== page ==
If all you ever consider are the monthly labour market statistics, the world of work across these islands is in much better shape than it deserves to be after the great crash and the sluggish recovery since. Employment levels are rising and jobless rates are falling. But that’s only part of the answer.

One of the great conundrums this time is how so many people have managed to stay in jobs or even find new work, when how productive they are when they get there has been on the slide. In 2012, UK output per head was 12 per cent below its 1950-2007 trend. As another FT columnist, Martin Wolf, succinctly puts it: “The one ameliorating factor, low joblessness, is a mirror image of the productivity collapse.”

But that trade-off also means, for many, depressed wage levels and casualised working conditions. It’s happening elsewhere, too. I see McDonald’s has been advising its US workers to dig themselves out of their holiday debt hole by selling some of their unwanted presents for quick cash on eBay or Craigslist.

Here, the UK government’s arm’s-length forecaster, the Office for Budget Responsibility (OBR), has even been putting some numbers on the protracted wage trap many workers now face. Like most economic forecasters, the OBR was ratcheting up its near-term forecasts for GDP growth, its expectations for wages have been heading rapidly in the opposite direction.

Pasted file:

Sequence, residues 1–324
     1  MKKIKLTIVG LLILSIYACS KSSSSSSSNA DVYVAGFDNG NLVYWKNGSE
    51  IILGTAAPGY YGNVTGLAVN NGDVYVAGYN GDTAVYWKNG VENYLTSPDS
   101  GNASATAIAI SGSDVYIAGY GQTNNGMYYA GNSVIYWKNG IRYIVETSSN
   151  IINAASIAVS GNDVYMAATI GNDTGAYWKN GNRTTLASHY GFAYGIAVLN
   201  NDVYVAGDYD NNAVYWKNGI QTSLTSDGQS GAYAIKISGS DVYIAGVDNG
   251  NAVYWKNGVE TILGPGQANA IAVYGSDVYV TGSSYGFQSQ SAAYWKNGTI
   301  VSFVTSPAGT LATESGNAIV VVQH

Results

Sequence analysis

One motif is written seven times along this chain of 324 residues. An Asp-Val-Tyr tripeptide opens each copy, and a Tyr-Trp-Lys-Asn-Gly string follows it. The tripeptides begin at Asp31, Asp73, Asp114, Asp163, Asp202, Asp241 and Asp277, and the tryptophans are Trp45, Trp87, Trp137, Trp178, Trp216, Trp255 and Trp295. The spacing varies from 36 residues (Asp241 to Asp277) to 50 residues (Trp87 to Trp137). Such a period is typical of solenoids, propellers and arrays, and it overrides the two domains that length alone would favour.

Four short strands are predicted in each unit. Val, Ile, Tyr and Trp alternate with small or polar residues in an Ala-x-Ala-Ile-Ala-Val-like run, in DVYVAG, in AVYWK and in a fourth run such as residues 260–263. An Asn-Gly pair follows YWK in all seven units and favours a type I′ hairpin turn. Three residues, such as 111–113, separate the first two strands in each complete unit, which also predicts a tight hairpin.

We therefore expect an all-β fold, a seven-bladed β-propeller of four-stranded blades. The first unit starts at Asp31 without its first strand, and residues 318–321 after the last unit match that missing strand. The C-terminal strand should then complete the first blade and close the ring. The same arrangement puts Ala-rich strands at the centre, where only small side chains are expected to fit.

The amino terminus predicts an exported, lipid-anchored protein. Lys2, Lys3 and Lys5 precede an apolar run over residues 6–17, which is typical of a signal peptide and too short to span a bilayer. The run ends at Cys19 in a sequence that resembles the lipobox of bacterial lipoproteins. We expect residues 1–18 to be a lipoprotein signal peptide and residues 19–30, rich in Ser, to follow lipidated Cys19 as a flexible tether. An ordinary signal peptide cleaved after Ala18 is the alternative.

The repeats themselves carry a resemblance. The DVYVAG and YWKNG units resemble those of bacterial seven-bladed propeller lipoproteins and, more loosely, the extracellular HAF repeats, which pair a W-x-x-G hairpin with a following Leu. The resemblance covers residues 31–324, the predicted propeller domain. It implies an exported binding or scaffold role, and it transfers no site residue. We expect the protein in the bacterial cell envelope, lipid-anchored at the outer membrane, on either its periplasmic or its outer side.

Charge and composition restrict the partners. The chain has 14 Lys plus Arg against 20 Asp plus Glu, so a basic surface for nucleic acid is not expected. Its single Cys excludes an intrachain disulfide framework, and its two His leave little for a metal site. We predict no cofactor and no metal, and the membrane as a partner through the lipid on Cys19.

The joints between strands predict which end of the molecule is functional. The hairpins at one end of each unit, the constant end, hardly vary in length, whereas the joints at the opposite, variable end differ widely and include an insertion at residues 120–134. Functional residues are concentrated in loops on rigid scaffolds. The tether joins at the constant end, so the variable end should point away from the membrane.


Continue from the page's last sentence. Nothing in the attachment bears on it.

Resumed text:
The Resolution Foundation has gathered all the OBR’s forecasts for wages in some revealing graphs, now also available on the Flip Chart Fairy Tales website. Back in November 2010, the OBR forecast real average earnings, which started shrinking in 2008, to begin to grow again by mid-2012. In their latest forecast earlier this month, they don’t expect that to happen until mid-2017.

That’s when real average wages are adjusted by the CPI measure of inflation. On the old RPI measure, in the latest OBR forecast, wages have already hit a floor more than 5 per cent below where they were before the crash. They are forecast to stay at that depressed level as far ahead as the OBR dares forecast. We are talking, in terms of median weekly earnings, of a loss of some £61 a week by 2018 from where such earnings were a decade earlier.

If that’s what really happens, a consumption-led recovery will only be possible if more people not only save less, but borrow a lot more, too. However, if they do that, they should be mindful that current borrowing costs can’t stay this low for ever. Central banks have set their rates near zero ever since the crash. Next month, the US Federal Reserve starts tentatively unwinding its version of quantitative easing, by printing fewer dollars.

But at some point, their interest rates will rise, too. The Bank of England’s new governor Mark Carney has said that will not start here until the unemployment rate falls to 7 per cent. Earlier this month, the UK rate fell again to 7.4 per cent. The Scottish rate stood at just 7.1 per cent. On current trends, a rise in UK bank rate can’t be that far off.

But in an economy where the number of people in poverty in working families is now greater than in workless and retired families combined, any rise in borrowing costs in already-indebted households could prove disastrous. Were that to happen, the last thing this consumption-led recovery would lead to would be more happiness all round.